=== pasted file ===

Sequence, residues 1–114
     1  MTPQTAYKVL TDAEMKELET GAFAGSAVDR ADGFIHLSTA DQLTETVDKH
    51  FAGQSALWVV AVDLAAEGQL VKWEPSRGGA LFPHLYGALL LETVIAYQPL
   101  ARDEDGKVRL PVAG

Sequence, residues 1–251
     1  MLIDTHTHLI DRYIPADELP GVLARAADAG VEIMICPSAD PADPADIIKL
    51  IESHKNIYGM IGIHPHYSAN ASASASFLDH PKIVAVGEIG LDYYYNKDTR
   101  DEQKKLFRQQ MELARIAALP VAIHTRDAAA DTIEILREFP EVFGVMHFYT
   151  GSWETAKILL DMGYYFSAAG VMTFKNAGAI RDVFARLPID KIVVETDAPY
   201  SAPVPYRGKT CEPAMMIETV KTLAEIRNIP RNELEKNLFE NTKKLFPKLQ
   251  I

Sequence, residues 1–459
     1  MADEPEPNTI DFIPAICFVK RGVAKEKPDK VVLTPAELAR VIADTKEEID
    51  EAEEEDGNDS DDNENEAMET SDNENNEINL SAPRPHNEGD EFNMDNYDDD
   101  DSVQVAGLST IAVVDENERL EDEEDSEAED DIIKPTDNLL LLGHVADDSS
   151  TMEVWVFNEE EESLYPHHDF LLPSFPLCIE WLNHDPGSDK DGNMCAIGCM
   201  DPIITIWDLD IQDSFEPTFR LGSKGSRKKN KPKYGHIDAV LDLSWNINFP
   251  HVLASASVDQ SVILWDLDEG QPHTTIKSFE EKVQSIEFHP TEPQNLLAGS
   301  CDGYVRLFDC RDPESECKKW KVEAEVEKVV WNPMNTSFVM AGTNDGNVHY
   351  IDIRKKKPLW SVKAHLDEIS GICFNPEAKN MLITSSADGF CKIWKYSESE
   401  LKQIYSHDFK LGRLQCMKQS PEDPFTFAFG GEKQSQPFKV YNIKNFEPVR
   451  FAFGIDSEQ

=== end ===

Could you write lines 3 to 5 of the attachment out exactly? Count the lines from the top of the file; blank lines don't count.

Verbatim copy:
    51  FAGQSALWVV AVDLAAEGQL VKWEPSRGGA LFPHLYGALL LETVIAYQPL
   101  ARDEDGKVRL PVAG

Sequence, residues 1–251